Top family posts of the year
Here we are, in the last days of 2016, and The Legal Genealogist is taking just a moment to think back and reflect.
It’s Saturday… the day I usually focus on my family here in the blog. And it’s Christmas Eve even … a day when most of us try very hard to keep the focus on our families.
So here on this Saturday, I’m taking a moment to look back on a year’s worth of once-a-week blog posts about my family… the blog posts that mean the most to me individually — and that often resonate the most deeply with readers.
Sometimes, a family post will break into the top 10 overall for the blog for the year — and this year’s top family post about a loss that hit hard in my family did that.
But whether these posts ever make anybody’s most-read list, they’re certainly among the nearest and dearest to me.
And so I take this opportunity, this Christmas Eve Saturday of 2016, to share with you the top 10 family-related posts of the year.
Let’s do the Top 10 countdown:
At Number 10 for 2016:
Childhood’s end: the place (29 October): “Here. This building. Right here in Dallas, Texas. This is where The Legal Genealogist’s childhood ended.” My visit to the Texas Book Depository building, and the memories of 22 November 1963.
At Number 9:
That newfangled right (5 November): “When, like The Legal Genealogist, you reach Medicare age, the one thing that’s unalterably true is — you’ve seen a lot of elections. … But … just three generations back, there’s my grandmother’s mother. Eula (Baird) Robertson, my great grandmother, was born in Alabama in 1869. She turned 21 in 1890. She was living then in Texas, where women didn’t gain the right to vote until the 19th amendment took effect.”
At Number 8:
The comfort of being held (30 July): “I feel her arms around me today. Today, on what would have been her 95th birthday. Third-born child and oldest surviving daughter of my grandparents, Eula Cladyne (Cottrell) Barrett was born in Colorado City, Mitchell County, Texas, the only one of my grandparents’ 12 children to be born there.”
At Number 7:
Calendaring kindness (26 November): “Advent is not the kind of term you’ll ordinarily find in a legal dictionary. Or in a genealogical dictionary either. But it’s a word that’s going into The Legal Genealogist’s vocabulary, starting tomorrow.”
At Number 6:
The handful (9 July): “It’s one of The Legal Genealogist’s favorite family pictures. In part, because of what it tells us about the boy in the picture. And in part because of what it tells us about the woman who took the picture and whose handwriting appears on the back. You can write some of the story yourself, just by looking at the photo…”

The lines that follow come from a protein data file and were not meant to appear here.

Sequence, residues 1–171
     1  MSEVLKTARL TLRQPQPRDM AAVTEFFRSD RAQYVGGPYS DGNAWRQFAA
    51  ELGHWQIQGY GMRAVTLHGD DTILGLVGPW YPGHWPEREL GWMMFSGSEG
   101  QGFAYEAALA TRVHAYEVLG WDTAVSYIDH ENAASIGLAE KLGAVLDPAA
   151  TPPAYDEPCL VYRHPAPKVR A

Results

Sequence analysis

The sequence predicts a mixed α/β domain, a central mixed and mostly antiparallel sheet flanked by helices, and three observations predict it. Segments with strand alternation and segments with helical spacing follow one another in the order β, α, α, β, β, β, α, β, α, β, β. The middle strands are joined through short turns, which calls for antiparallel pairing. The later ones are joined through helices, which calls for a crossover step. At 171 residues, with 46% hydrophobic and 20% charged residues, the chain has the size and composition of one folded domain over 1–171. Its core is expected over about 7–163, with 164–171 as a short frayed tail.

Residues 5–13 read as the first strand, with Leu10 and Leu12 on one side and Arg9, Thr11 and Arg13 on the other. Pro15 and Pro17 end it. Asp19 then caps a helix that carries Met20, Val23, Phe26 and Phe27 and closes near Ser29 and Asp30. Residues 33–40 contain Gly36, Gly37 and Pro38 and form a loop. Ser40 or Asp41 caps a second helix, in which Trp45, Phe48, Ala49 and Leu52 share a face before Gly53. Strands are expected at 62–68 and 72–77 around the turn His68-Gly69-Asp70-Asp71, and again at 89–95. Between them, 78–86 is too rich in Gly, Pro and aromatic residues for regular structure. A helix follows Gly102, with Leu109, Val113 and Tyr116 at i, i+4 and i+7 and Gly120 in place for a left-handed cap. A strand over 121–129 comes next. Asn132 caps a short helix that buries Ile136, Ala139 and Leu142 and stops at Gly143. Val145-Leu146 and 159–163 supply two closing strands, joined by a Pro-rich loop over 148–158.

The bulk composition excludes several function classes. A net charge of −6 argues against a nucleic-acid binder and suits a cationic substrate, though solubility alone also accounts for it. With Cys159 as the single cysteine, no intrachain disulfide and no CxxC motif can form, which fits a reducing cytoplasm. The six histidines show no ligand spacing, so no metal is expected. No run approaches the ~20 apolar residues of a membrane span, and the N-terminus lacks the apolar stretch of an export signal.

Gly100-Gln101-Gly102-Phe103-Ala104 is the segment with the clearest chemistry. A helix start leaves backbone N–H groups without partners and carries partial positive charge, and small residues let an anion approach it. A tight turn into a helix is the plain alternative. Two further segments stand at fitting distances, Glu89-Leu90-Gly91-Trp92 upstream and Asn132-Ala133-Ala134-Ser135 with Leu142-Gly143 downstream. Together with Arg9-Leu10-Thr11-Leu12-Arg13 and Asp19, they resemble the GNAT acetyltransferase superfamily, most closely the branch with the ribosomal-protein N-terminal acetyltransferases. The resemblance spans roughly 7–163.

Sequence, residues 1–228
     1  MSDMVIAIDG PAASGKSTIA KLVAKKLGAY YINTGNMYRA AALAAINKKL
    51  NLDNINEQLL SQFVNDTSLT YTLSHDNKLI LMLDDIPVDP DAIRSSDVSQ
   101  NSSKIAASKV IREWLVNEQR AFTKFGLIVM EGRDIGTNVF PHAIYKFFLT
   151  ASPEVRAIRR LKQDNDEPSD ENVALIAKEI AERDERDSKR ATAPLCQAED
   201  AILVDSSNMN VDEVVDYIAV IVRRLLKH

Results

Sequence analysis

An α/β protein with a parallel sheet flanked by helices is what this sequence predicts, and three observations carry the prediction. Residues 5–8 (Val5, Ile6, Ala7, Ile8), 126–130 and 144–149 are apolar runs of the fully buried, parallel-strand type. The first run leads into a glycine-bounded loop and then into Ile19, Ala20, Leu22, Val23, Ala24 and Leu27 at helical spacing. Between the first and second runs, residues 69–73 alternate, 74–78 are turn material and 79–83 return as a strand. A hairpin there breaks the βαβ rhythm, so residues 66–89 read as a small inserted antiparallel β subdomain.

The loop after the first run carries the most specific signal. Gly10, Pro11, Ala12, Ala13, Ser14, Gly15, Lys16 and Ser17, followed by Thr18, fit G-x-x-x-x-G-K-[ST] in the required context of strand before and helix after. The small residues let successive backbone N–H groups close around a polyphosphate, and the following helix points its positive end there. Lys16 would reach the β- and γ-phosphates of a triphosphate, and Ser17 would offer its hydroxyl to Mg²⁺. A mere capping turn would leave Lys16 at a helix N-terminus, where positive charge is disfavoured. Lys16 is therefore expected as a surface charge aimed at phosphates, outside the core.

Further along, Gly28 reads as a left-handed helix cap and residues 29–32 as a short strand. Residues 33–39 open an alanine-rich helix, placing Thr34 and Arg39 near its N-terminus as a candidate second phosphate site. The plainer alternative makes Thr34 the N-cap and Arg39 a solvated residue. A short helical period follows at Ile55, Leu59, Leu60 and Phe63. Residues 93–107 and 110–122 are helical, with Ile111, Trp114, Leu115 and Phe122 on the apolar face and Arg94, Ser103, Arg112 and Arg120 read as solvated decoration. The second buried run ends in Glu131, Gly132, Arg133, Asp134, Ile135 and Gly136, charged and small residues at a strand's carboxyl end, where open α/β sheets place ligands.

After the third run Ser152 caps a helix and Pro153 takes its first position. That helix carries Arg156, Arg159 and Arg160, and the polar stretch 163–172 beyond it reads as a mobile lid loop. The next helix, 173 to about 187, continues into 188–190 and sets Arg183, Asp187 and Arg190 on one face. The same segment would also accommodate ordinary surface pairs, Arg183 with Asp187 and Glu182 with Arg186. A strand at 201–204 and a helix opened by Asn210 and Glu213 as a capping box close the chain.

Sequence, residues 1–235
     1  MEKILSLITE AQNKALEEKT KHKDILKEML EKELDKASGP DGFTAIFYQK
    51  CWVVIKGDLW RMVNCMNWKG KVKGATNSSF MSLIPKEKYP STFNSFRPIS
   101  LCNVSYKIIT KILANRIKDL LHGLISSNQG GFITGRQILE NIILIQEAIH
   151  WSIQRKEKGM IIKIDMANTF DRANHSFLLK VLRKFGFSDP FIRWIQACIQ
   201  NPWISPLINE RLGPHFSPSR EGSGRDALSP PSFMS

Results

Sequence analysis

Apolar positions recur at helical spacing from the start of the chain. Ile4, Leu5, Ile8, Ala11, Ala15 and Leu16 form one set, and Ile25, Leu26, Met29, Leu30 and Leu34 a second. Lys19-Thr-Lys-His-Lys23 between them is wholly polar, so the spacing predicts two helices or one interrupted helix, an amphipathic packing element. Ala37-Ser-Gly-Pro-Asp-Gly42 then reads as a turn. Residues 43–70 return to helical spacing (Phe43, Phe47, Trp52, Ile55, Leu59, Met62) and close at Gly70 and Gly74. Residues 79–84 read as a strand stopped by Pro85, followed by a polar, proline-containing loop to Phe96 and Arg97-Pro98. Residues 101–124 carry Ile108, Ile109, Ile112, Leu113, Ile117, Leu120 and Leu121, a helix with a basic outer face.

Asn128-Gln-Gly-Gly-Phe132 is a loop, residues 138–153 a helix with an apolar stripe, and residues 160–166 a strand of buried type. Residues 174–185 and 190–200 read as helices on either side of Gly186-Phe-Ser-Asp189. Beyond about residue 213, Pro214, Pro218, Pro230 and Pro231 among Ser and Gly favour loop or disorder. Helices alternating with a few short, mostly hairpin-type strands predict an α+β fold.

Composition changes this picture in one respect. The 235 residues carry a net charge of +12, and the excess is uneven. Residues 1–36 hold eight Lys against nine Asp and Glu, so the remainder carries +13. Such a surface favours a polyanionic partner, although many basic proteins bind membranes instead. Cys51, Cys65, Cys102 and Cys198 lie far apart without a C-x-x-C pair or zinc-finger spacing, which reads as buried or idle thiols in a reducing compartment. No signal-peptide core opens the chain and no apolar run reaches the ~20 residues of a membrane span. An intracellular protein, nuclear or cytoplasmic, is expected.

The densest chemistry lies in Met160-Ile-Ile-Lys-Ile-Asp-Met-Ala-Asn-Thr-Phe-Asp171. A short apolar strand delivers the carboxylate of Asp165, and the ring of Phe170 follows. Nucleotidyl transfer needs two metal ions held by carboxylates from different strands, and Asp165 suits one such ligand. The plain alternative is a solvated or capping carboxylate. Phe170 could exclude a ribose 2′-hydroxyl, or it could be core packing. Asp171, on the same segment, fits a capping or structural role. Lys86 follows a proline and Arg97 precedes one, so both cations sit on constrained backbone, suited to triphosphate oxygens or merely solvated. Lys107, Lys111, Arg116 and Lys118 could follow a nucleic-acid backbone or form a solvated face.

At Number 5:
His name is Martin (7 July): “This is not a genealogy blog post today. Not exactly. It’s certainly a family blog post. And it is one of a desperate fear. A fear on behalf of a little boy The Legal Genealogist loves as deeply as it is possible to love a little boy.”
At Number 4:
Remembering Camp Douglas (20 August): “Chicago genealogist Tony Burroughs posted on Facebook this past week that he had signed a Change.org petition to urge that Camp Douglas be placed on the National Register of Historic Places. “Being a genealogist and historian and knowing the history of Camp Douglas, the Civil War in Chicago and the role of African Americans in the Civil War,” he wrote, “I must sign this petition. I understand the value in getting national recognition. It is an honor to sign.” Boy oh boy is The Legal Genealogist ever in on that one.”
At Number 3:
Another kind of thankfulness (24 November): “This isn’t the post that The Legal Genealogist planned for today. But life has a way of doing that, doesn’t it? Tossing us curveballs. Unexpected twists and turns. Even grief on a day of thanksgiving. Maybe especially grief on a day of thanksgiving. And I am so very thankful today for the life of one Jerry LaStone Cottrell. My Uncle Jerry. Born 10 July 1934 in Midland, Texas. And … sigh … died 22 November 2016.”
At Number 2:
Telling all of the family’s story (27 June): “They have names. The young woman was Ana. The young girl was Mary. They are not merely tick marks in a census column. As individuals and as people, they have names. They were enslaved, yes. But that just makes it all the more The Legal Genealogist’s obligation to set out the full record. To tell all of the family’s story.”
And the Number One family post — one of the hardest but also one of the most deeply felt in my family’s collective heart for 2016:
Sunset in Rising Sun (11 June): “It’s never entirely unexpected when the news comes of the end of a life lived long and well. Any time you can honestly say that someone was vibrant and with it and dynamic almost to the age of 97, loved by her family and her friends and generations of children whom she taught, that’s a life that goes into the books for sure as one lived long and well.
But oh… how it hurts when such a life draws to a close.”
On to 2017… with the usual additional sidetracks into other top 10 lists for this year…